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International Journal of Biomaterials
Volume 2013 (2013), Article ID 838565, 2 pages
1Department of Mechanical Engineering and Materials Science, Military Institute of Engineering, Rio de Janeiro, RJ, Brazil
2Department of Biomaterials and Biomimetics, College of Dentistry, New York University, New York, NY 10010, USA
Received 16 January 2013; Accepted 16 January 2013
Copyright © 2013 Carlos Nelson Elias and Paulo G. Coelho. This is an open access article distributed under the Creative Commons Attribution License, which permits unrestricted use, distribution, and reproduction in any medium, provided the original work is properly cited.
Osseointegration is a major factor influencing the success of dental implants. To achieve rapid and strong durable osseointegration, biomaterial researchers have investigated various surface treatment methods for titanium dental implants. Current dental implant research has studied the interaction between bone and implant surface in order to understand the osseointegration process. This special dental implant issue addresses the role of titanium dental implant surface treatment, chemical or topographic modification, and cells interactions. All these parameters can affect bone healing, promote accelerated osteogenesis, and increase bone-implant contact and bond strength.
The themes include a relevant interest about the properties of dental implant surfaces, analysis of molecular mechanisms which occur at the interface between bone and dental implant, evaluation of the biological behavior of the host’s tissues at the interface with the implant, and considerations of implant micro- and nanotopography and its superficial chemical structure. Researchers present their results of investigation of various surface treatment methods for dental titanium implants, show the biological basis for successful implant therapy, and analyzed the effect of plasma fibronectin.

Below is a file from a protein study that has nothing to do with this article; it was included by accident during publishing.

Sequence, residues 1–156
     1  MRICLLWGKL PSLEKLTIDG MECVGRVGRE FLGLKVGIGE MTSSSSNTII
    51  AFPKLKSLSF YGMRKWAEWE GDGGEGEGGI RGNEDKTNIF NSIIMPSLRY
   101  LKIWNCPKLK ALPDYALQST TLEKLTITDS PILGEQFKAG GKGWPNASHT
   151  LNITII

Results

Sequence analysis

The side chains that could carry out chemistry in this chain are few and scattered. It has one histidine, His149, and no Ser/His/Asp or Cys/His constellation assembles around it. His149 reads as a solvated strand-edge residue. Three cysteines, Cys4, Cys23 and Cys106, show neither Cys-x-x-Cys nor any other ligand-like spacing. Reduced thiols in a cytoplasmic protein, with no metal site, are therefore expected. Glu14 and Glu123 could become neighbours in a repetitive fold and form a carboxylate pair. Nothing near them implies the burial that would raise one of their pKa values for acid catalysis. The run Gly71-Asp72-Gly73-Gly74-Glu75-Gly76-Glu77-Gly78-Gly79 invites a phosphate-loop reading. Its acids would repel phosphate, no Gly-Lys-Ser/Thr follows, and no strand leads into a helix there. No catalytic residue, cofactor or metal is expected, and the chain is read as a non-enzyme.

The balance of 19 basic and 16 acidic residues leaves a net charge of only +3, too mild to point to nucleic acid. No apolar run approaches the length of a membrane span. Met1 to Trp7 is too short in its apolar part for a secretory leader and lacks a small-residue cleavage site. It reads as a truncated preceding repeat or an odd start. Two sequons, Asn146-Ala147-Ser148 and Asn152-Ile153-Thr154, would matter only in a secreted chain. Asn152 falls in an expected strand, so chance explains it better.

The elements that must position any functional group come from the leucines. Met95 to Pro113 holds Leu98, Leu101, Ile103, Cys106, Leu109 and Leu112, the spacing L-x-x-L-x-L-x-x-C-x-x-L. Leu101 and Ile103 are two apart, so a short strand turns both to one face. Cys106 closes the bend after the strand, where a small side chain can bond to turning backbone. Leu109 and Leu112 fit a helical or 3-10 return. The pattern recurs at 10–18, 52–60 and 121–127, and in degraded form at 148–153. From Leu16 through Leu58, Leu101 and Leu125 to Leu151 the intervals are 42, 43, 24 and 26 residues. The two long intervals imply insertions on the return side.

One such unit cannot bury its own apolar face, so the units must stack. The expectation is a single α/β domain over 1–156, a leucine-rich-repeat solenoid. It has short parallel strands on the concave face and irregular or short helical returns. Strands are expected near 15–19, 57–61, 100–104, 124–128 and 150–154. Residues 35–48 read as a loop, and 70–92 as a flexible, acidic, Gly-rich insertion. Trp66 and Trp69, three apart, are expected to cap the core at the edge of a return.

In F. P. S. Guastaldi et al.’s paper, the authors propose a novel plasma treatment for dental implant surfaces. Their results suggested that even after 30 days of plasma treatment, the biological responses were better than those of nontreated surfaces.
In M. Monjo et al.’s paper, the authors compared the cytotoxicity, cell morphology and proliferation, alkaline phosphatase activity, gene expression, and the release of a wide array of osteoblast markers of two commercial titanium (Ti) surfaces (OsseoSpeed and TiOblast). They observed changes in cell shape and BMP-2 secretion after 2 days between the surfaces, and this was followed by increased IGF-I, BSP, osterix gene expression and mineralization after 14 days.
In C. N. Elias et al’s paper, the authors research the effects of dental implant surface treatment with fluoride and fibronectin adsorption on the adhesion of osteoblasts. They investigated the biofunctionalization of titanium surfaces and examine their effects on the interaction with osteoblastic cells. They observed that the association indexes of osteoblastic cells in fibronectin-treated samples were significantly higher than those in samples without fibronectin. The radioactivity values suggested that fibronectin incorporation is an important determinant of the in vitro cytocompatibility of the surfaces. They concluded that the preparation of bioactive titanium surfaces via fluoride and FN retention proved to be a useful treatment to optimize and to accelerate the osseointegration process of dental implants.
In C. Y. Guo et al.’s paper, the authors focus on surface charge modification on the surface of titanium dental implants. They make an overview on both theoretical explanations on how surface charge affects the implants’ osseointegration, as well as a potential surface charge modification method. Additionally, they discuss the insights into the important factors affecting the effectiveness of surface charge modification methods and point out several interesting directions for future investigations on this topic.
In H. O. Schwartz-Filho et al.’s study, they observe the morphological and molecular effect of laminin-1 doping to nanostructured implant surfaces in a rabbit model. They concluded that the protein-doped surface showed higher gene expression of typical genes involved in the osseointegration cascade than that of the control surface. They observed that the osseointegration cascade begins immediately after the implant is placed in the bone, where the blood contiguously interacts with the implant surface.
We hope that this special issue would attract a major attention of the research community. We would like to express our appreciation to all the authors, reviewers, and the Editor-in-Chief Dr. Mohamed Abdel Razek for the great support that made this special issue possible.
Carlos Nelson Elias
Paulo G. Coelho